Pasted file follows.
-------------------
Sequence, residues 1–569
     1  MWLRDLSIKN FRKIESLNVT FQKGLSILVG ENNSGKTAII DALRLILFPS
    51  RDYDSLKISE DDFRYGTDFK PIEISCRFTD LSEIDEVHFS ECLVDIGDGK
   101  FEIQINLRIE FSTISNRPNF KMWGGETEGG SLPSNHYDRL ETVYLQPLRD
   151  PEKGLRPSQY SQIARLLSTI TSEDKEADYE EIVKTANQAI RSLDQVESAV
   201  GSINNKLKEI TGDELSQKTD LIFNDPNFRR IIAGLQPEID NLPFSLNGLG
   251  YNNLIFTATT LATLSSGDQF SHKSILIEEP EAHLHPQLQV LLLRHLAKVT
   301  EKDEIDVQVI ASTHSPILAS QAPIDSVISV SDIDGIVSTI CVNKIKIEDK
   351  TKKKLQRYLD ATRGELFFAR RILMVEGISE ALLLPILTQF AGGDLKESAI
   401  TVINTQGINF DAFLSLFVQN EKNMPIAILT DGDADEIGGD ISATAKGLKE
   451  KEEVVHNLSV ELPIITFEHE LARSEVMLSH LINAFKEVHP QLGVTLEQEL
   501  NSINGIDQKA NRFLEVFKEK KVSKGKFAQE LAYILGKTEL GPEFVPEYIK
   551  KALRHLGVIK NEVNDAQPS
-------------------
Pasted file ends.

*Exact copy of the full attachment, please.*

Sequence, residues 1–569
     1  MWLRDLSIKN FRKIESLNVT FQKGLSILVG ENNSGKTAII DALRLILFPS
    51  RDYDSLKISE DDFRYGTDFK PIEISCRFTD LSEIDEVHFS ECLVDIGDGK
   101  FEIQINLRIE FSTISNRPNF KMWGGETEGG SLPSNHYDRL ETVYLQPLRD
   151  PEKGLRPSQY SQIARLLSTI TSEDKEADYE EIVKTANQAI RSLDQVESAV
   201  GSINNKLKEI TGDELSQKTD LIFNDPNFRR IIAGLQPEID NLPFSLNGLG
   251  YNNLIFTATT LATLSSGDQF SHKSILIEEP EAHLHPQLQV LLLRHLAKVT
   301  EKDEIDVQVI ASTHSPILAS QAPIDSVISV SDIDGIVSTI CVNKIKIEDK
   351  TKKKLQRYLD ATRGELFFAR RILMVEGISE ALLLPILTQF AGGDLKESAI
   401  TVINTQGINF DAFLSLFVQN EKNMPIAILT DGDADEIGGD ISATAKGLKE
   451  KEEVVHNLSV ELPIITFEHE LARSEVMLSH LINAFKEVHP QLGVTLEQEL
   501  NSINGIDQKA NRFLEVFKEK KVSKGKFAQE LAYILGKTEL GPEFVPEYIK
   551  KALRHLGVIK NEVNDAQPS